If a tip is meant to inspire service, then why do we tip after the work is done?Why, for instance, can't we give the waitress a couple of bills before we order the meat loaf?
The answer: We can. Many business travelers and repeat customers proffer an advance gratuity known as the power tip. It's done not for the usual reasons—habit, fear of confrontation, a sense of obligation—but to accomplish something.
I learned how to power tip by accident. A couple of jobs ago, I worked half the time out of my home in New Hampshire, spending two weeks of every month in North Carolina and flying home for the weekends. I used a duffel bag that was too large to carry on. Checking it in tiny Lebanon, N.H., was no problem. But the lines were long in busy Greensboro; I came to rely on curbside check-in.
In the early days of my 1,000-mile commute, I tipped the skycap a fiver, figuring my duffel was more than twice the size of a regular bag. (The normal tip for each piece of luggage is $2.) One time, though, I was running late and yanked a bill out of my wallet without looking. Just as I handed it over, I noticed it was a ten.
"Thank you, sir!" exclaimed the skycap, who metamorphosed into a modern version of a 1950s gas station attendant, bursting with smiling bonhomie. I couldn't bear to ask for change.
The next week, running late as usual, I pulled my rental car to the curb at the airport and saw two people dashing for the curbside counter, where the line was already five deep. Keeping the engine running, I ran around to the trunk and tugged at my duffel. Suddenly a hand reached in and grabbed the handle: my skycap. He processed me while the other passengers watched, bug-eyed, and so of course I slipped him another ten.
From then on the big tip and the big-shot treatment became our little ritual, and I never stood in line in Greensboro again. Sure, it cost me, but the only other way to get that kind of service from an airline would be to achieve frequent flier Nirvana Level, which takes about a billion miles of flying.
And just how does power tipping differ from bribery? It differs hugely: For one thing, power tipping is legal and bribery is not. And for another thing . . . give me some time and I'll think of another difference.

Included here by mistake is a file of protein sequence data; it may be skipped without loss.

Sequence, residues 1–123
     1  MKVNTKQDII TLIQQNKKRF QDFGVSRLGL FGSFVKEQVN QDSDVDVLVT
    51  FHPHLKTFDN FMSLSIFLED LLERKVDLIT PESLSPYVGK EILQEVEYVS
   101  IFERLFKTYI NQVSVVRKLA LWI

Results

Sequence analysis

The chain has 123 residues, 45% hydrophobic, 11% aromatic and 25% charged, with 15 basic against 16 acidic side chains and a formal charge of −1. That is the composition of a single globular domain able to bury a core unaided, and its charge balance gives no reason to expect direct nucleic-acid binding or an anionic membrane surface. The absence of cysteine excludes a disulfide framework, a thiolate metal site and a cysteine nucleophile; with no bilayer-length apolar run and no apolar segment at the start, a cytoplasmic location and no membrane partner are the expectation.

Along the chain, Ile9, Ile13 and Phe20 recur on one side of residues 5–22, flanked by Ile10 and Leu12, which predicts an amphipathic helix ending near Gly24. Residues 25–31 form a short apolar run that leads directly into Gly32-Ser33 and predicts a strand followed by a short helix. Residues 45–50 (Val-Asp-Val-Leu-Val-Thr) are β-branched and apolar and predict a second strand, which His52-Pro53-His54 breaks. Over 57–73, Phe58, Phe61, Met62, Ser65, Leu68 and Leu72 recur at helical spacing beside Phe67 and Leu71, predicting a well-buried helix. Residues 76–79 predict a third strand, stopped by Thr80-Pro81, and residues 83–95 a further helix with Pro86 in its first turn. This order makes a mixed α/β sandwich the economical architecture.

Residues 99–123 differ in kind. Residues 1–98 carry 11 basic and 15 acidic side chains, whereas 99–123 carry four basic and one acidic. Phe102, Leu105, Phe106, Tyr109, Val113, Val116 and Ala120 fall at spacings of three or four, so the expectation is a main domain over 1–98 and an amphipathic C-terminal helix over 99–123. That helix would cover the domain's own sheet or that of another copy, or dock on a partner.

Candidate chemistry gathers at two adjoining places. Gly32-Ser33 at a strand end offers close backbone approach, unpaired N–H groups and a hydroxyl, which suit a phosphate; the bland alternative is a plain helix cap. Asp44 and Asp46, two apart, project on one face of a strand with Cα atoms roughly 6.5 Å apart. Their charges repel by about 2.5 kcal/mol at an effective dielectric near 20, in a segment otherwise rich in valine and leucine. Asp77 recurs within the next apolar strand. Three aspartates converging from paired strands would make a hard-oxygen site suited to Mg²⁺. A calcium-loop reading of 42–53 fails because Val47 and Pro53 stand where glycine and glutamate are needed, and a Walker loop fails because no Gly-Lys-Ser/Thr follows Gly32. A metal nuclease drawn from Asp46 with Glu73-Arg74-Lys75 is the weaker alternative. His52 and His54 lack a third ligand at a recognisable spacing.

Tips On Tipping
You've just arrived at the Hotel De Luxe and now the panic sets in: Do you tip each helpful staff member you encounter? If so, how much? According to a study by Michael Lynn, an associate professor at Cornell's School of Hotel Administration, one of the functions of tipping may actually be "to reduce people's anxieties about being served by strangers." Tame tipping stress with this guide drawn from a survey of travel industry sources. Remember, though, tipping is always at your discretion.
Front desk— Changing money; mail and messages — No tipping required unless the front desk also acts as concierge
Concierge— Touring advice; special services like restaurant reservations and theater tickets — $5 minimum for special service; more for particularly tough assignments like securing tickets to a sold-out show
Doorman— Hailing taxis; helping with bags — $1 and up
Bell desk— Handling luggage; running small errands like getting newspaper — $1 and up per suitcase; $1 and up per errand
Business center— Computer; fax; photocopies; courier — No tipping; typically run on a fee-for-service basis
Housekeeping— Cleaning; in-room supplies and special items, like irons — $1 - $3 per day; $1 and up for delivery of a special item
Food and beverage— Room service — 15% - 20% of check if service is not already included
Illustration by Tim Carroll
This article was first published in January 2001. Some facts may have aged gracelessly. Please call ahead to verify information.